Wednesday, July 28, 2010

Mission and Leadership in the Church

The "We" We Want To Be
By John Ortberg, article from “Leadership” (

…Assessment of spiritual health is one at a congregational level. It’s a good thing to discuss the spiritual formation of individuals. What is badly needed alongside of that is a thoughtful, concrete way of discerning and addressing the spiritual formation of congregations. We are not just a collection of bobble-headed saints. P1

The presence of the Spirit is best detected by the fruit of the Spirit…With vitality comes the willingness to try to walk, even if it means falling. How strong is the impulse for new ventures in our church? How willing are people to take ministry risks? To trust? To forgive? Do we celebrate first steps and fall-downs and getting back up as ardently as parents who are delighted to see their little rug-rats go upright? P3

On Vision and Mission (as quoted by Dallas Willard in Ortberg article)
Vision is fundamental to the health of your church…

(W) It all begins with a vision…But it is not a vision of what they’re going to do. It is not a vision of a preferred future. It is not a vision of human activity. It is a vision of what already is. It is a vision of God, and how good he is, and how wonderful it is to be alive and a friend of such a Being.

Out of this vision flows a desire to do good things for such a God. And sometimes these activities may lead to results that look quite remarkable or impressive. And then other people may gather, and some decide they’d like to be involved in such activities because it might give them a sense of significance. People begin to pay more attention to what they are doing than to the reality of God.

At this point the mission replaces the vision as the dominant feature in peoples’ consciousness. Once this happens, descent is inevitable. For now people are living under the tyranny of Producing Impressive Results.

The number one “vision problem” with churches today is not (as widely held) leaders who “lack a vision”. The real problem is when our primary focus shifts from who God is (a vision that alone can lead to “the peace of Christ reigning in our hearts”) to what we are doing.

How do you diagnose the mission-replacing-vision sickness?

People in leadership feel constant pressure and inadequacy.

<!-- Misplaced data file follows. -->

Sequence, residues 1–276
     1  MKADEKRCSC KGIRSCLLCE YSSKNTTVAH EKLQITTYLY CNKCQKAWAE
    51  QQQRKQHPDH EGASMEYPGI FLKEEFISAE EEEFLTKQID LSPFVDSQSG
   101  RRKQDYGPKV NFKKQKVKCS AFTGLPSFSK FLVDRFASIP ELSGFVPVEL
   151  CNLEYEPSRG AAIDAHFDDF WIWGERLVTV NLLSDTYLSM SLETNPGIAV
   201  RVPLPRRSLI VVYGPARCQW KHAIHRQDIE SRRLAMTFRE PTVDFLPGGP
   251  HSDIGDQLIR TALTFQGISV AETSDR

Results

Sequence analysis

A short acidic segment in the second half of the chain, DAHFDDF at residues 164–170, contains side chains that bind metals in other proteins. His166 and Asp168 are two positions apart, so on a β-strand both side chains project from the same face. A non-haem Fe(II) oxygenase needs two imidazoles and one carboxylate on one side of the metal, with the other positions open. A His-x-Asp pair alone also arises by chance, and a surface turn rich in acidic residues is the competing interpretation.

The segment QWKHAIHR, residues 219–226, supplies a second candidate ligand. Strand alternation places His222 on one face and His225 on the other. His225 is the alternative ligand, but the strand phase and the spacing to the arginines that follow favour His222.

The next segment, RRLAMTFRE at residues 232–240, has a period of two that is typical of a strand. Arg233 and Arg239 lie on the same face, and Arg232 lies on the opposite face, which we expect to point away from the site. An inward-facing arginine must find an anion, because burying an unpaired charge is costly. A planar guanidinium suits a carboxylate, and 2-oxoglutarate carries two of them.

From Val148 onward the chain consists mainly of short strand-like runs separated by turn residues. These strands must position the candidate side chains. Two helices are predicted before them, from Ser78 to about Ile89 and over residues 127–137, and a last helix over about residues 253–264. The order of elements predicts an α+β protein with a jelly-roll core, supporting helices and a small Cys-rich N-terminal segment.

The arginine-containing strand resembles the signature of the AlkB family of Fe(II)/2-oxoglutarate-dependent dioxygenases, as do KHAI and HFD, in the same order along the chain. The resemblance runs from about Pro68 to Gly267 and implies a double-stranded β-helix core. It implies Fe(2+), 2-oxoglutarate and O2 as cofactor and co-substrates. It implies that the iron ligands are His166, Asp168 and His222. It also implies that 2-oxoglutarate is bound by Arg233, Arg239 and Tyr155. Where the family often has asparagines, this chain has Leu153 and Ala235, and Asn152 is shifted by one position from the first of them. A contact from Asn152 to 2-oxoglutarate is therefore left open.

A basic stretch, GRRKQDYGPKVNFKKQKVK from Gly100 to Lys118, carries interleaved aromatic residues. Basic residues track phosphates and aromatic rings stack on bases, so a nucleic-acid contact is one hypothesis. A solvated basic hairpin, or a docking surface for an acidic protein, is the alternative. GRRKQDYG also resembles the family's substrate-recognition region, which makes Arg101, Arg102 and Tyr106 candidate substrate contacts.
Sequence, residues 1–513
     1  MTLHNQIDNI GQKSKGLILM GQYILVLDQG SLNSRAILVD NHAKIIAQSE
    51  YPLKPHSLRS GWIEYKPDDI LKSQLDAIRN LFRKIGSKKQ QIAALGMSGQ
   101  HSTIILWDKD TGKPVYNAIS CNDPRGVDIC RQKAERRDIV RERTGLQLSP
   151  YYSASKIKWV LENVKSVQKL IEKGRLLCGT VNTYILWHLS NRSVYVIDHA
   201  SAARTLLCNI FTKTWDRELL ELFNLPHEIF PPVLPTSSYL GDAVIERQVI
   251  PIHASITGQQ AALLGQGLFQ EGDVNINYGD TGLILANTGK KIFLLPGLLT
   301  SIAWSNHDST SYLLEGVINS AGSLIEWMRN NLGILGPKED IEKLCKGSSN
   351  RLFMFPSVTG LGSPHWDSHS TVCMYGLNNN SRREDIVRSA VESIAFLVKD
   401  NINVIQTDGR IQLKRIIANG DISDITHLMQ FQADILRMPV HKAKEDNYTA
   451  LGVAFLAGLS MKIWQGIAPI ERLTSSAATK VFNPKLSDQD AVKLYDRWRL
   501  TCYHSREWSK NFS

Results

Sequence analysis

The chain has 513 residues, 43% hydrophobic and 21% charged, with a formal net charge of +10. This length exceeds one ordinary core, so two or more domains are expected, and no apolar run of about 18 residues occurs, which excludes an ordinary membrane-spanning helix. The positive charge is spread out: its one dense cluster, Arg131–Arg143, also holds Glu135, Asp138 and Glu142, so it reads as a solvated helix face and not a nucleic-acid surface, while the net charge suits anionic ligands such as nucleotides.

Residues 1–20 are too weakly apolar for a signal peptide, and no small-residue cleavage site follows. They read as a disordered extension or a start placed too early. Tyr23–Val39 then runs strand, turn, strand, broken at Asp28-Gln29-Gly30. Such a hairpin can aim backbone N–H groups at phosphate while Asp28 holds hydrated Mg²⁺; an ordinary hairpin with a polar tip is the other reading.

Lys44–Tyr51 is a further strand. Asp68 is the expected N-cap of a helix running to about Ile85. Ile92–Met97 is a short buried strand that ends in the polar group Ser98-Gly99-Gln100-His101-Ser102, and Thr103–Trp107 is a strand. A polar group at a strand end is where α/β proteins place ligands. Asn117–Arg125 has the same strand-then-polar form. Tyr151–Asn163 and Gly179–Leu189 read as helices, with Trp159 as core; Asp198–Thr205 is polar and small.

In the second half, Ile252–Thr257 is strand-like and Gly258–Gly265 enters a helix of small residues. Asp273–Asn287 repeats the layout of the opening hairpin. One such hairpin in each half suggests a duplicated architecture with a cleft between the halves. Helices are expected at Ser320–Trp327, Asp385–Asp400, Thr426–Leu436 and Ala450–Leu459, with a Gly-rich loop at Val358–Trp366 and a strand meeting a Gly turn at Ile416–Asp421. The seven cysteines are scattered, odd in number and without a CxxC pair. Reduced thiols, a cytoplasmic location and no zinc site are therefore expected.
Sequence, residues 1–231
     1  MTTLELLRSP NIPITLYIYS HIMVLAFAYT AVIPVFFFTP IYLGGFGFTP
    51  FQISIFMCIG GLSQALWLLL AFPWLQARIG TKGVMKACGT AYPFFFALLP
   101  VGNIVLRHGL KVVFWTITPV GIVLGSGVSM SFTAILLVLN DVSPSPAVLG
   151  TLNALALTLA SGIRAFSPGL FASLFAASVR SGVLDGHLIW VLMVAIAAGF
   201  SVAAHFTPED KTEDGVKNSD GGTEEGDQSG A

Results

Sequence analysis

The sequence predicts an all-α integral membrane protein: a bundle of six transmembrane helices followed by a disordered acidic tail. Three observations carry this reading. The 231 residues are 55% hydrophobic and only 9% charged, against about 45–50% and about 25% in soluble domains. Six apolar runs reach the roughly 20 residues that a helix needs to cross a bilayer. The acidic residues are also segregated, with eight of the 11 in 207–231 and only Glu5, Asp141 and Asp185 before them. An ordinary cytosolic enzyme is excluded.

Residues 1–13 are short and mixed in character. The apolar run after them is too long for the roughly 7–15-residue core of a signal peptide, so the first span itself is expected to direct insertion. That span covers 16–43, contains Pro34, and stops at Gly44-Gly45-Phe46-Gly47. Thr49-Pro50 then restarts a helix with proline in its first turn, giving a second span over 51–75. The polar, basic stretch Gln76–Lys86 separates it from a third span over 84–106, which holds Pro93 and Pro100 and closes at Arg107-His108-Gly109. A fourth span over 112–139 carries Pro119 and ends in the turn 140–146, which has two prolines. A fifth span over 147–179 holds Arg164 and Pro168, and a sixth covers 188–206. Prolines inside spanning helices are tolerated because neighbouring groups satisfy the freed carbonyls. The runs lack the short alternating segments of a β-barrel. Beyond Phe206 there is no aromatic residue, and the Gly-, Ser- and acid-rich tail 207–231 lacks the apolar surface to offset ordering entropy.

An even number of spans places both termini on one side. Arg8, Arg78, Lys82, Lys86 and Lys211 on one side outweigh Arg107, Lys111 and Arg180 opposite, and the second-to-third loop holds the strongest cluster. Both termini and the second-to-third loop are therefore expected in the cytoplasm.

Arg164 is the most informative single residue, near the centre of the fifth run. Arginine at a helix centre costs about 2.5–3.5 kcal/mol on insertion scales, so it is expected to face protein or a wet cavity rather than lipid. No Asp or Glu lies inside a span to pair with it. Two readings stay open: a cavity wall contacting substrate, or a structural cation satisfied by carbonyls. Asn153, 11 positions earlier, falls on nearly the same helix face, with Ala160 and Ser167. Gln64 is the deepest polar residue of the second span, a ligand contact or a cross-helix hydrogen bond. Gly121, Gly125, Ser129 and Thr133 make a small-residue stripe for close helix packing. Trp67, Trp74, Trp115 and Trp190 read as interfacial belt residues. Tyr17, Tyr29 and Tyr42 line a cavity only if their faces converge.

Goals, numbers, and techniques replace the goodness of God as the most frequent topics of thought and conversation. Leaders view themselves as constantly having to motivate and hype and whip up enthusiasm in the church for doing and giving. You will sometimes hear people say “vision leaks”; a more accurate state is that “mission leaks” when it has replaced the vision of God as people’s dominant inner reality. People’s sense of esteem or excitement depends on “how church is going”. A church’s identity gets rooted in its success.

This drift from vision to mission is inevitable, though not irresistible. The only cure is to diagnose it, and to rediscover the beauty of the vision of God. Of course, that begins with the leadership. The vision of God is not a tool leaders can use to get the church to function better. It is freedom from the need to perform for the whole church—beginning with the leaders. P3-4

Catching Waves
“Leadership” interview with Francis Chan (

Q: What role did your elders play [in helping the church to discover the Holy Spirit]?
Chan: It started when a few of our leaders began studying the role of the elders in the Scriptures. They said, “You know, our elder meetings are more like business meetings. We discuss how much we should pay to repave the parking lot. But in the Bible the role of elders has much more to do with shepherding, teaching, and prayer.” So we made a shift. We had the staff do more of the business work, and the elders started studying the Scriptures to see where the Lord wanted to lead the church spiritually. P2

Chan: …That’s another thing we’ve been convicted about. We realized that a church our size should have 50 or 60 elders, and we are in the process of training a bunch more right now.

We had neglected that because we thought it would be impossible to make a decision with 60 people in a room. It’s hard enough with ten. But then we realized we were talking about two different things—shepherding and decision making. We are appointing more elders to shepherd the congregation, but some decision making will be reserved for a smaller team—six or eight of us. P3